After Romelu Lukaku continued to prove Chelsea made a mistake by sending him to Everton for the season, Nick Miller charts football's best loan deals.
10. Half of Udinese/Granada to Watford, 2012-13
Speak to most fans of the other 23 clubs in last season's Championship and they would spit the name "Loanford" at you, disgusted at this horrendous and underhand practice happening at Vicarage Road. In fact, Watford did absolutely nothing wrong and were simply exploiting the rules, which allowed only five domestic loans, but as many from outside the country as you could squeeze into your squad. Thus, the club's owners, the Pozzo family, filled Gianfranco Zola's team with some fringe players from the other teams they owned, including Matej Vydra, Almen Abdi, Marco Cassetti, Cristian Battocchio and Daniel Pudil. It damn near worked, too, with only a Crystal Palace penalty keeping Watford out of the Premier League.
9. Henrik Larsson to Manchester United, 2007
Here's the thing, Larsson only actually scored three times in 13 games in his spell at United. One goal in seven league games. Not that impressive. However, he arrived at a vital time, when United needed leadership and a calming influence up front, and their record while he was there -- 10 wins, two draws, one defeat -- was superb. "If there is one regret I have from my career, it is that I came home to Sweden when Mr. Ferguson was trying to get me to stay at Manchester United," Larsson said in 2010.
8. Jermain Defoe to Bournemouth, 2000
Shortly after Defoe was "recruited" by West Ham from the Charlton academy, Harry Redknapp sent his young striker out on loan, as he did with a few younger players before him, to Bournemouth. There, Defoe suggested that England had a new hotshot striker on their hands, scoring 18 in 27, featuring a record-equalling and oft-referenced 10 goals in successive games. While he has been a very good player since then, his career has never quite lived up to that early promise. He'll always have Bournemouth.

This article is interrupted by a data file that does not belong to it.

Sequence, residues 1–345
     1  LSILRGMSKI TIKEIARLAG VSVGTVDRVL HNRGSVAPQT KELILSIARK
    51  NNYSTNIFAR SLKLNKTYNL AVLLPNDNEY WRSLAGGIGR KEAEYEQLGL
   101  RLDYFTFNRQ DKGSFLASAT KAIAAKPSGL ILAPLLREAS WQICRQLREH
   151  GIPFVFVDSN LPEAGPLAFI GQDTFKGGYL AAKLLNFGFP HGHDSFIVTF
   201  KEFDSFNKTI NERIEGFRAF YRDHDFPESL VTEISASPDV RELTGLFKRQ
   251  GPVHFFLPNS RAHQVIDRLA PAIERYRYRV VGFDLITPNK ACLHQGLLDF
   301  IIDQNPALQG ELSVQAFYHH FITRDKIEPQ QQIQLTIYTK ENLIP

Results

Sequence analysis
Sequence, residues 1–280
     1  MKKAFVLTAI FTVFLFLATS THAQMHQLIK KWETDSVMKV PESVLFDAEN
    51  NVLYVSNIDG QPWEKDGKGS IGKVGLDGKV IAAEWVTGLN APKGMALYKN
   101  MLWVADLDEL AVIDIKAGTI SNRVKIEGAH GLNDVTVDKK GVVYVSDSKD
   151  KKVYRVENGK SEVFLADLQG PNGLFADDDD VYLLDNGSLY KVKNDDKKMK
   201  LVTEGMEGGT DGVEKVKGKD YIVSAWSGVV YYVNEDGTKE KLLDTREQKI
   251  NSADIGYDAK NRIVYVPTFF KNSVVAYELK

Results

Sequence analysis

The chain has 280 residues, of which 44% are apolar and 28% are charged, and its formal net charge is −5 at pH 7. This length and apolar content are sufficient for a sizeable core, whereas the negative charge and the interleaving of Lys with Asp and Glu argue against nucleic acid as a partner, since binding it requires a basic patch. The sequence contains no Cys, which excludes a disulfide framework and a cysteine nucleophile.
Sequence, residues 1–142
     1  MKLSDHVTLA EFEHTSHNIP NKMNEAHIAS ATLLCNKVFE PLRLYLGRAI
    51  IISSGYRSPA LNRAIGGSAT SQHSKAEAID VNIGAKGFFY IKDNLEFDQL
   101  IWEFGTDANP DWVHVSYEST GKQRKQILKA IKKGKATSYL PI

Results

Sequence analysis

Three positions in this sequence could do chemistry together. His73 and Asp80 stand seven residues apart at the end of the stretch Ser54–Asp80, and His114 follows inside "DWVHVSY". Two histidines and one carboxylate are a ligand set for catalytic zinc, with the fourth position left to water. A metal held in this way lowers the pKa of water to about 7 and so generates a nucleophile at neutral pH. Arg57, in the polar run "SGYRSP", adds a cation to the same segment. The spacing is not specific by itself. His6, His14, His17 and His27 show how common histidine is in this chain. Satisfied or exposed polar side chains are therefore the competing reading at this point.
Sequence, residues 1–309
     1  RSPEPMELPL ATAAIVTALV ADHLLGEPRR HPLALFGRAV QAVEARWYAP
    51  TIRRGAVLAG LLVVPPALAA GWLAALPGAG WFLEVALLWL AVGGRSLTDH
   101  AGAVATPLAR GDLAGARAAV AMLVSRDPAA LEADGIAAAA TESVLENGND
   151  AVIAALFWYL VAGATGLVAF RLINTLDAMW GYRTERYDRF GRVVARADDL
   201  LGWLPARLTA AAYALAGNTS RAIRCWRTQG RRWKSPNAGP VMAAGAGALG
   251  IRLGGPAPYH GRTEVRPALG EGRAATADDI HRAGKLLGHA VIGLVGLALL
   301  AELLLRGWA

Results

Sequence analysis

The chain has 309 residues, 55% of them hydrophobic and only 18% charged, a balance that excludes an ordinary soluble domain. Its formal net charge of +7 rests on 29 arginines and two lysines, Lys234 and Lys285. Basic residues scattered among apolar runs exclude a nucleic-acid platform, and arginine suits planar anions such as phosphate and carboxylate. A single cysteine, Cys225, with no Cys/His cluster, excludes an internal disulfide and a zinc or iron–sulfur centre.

7. Jurgen Klinsmann to Spurs, 1997-98
While his first spell at White Hart Lane was obviously more high-profile, his second was arguably more important for Spurs. When Klinsmann first signed in 1994, he was a genuine, bona fide superstar. He scored 21 times then shuffled back to Munich, leaving a trail of grateful and swooning Spurs fans in his wake. A few years later, when he was struggling at Sampdoria and Spurs were struggling full-stop, he was back. Nine goals in 15 games (including four in a mental 6-2 win over Wimbledon) later, he shuffled off again, those same Spurs fans grateful and swooning again.
6. Jimmy Glass to Carlisle, 1999
What's the point in football if it doesn't provide glorious, unlikely, just plain stupid moments? And what could be more glorious, unlikely and just plain stupid than Glass -- a goalkeeper on loan at Carlisle from Swindon -- scoring the goal that saved his temporary team from relegation? "I was always a frustrated forward," he said years later. "I looked over to Nigel Pearson and he waved me on. That was it, it all came down to that last kick. If I could bottle that feeling I would be a very rich man now."